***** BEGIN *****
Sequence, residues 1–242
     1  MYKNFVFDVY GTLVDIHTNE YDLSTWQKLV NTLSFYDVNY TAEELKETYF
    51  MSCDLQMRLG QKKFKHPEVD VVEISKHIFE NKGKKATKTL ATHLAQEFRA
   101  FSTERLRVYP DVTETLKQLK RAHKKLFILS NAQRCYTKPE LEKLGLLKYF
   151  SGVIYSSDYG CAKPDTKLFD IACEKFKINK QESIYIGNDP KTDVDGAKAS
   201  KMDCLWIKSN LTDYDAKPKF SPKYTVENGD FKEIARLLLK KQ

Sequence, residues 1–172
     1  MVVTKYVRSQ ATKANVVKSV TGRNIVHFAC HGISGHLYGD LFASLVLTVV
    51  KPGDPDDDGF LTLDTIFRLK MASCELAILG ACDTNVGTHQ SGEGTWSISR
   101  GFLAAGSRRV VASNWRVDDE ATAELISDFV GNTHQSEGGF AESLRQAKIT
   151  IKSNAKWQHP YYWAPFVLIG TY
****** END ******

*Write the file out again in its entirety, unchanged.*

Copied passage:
Sequence, residues 1–242
     1  MYKNFVFDVY GTLVDIHTNE YDLSTWQKLV NTLSFYDVNY TAEELKETYF
    51  MSCDLQMRLG QKKFKHPEVD VVEISKHIFE NKGKKATKTL ATHLAQEFRA
   101  FSTERLRVYP DVTETLKQLK RAHKKLFILS NAQRCYTKPE LEKLGLLKYF
   151  SGVIYSSDYG CAKPDTKLFD IACEKFKINK QESIYIGNDP KTDVDGAKAS
   201  KMDCLWIKSN LTDYDAKPKF SPKYTVENGD FKEIARLLLK KQ

Sequence, residues 1–172
     1  MVVTKYVRSQ ATKANVVKSV TGRNIVHFAC HGISGHLYGD LFASLVLTVV
    51  KPGDPDDDGF LTLDTIFRLK MASCELAILG ACDTNVGTHQ SGEGTWSISR
   101  GFLAAGSRRV VASNWRVDDE ATAELISDFV GNTHQSEGGF AESLRQAKIT
   151  IKSNAKWQHP YYWAPFVLIG TY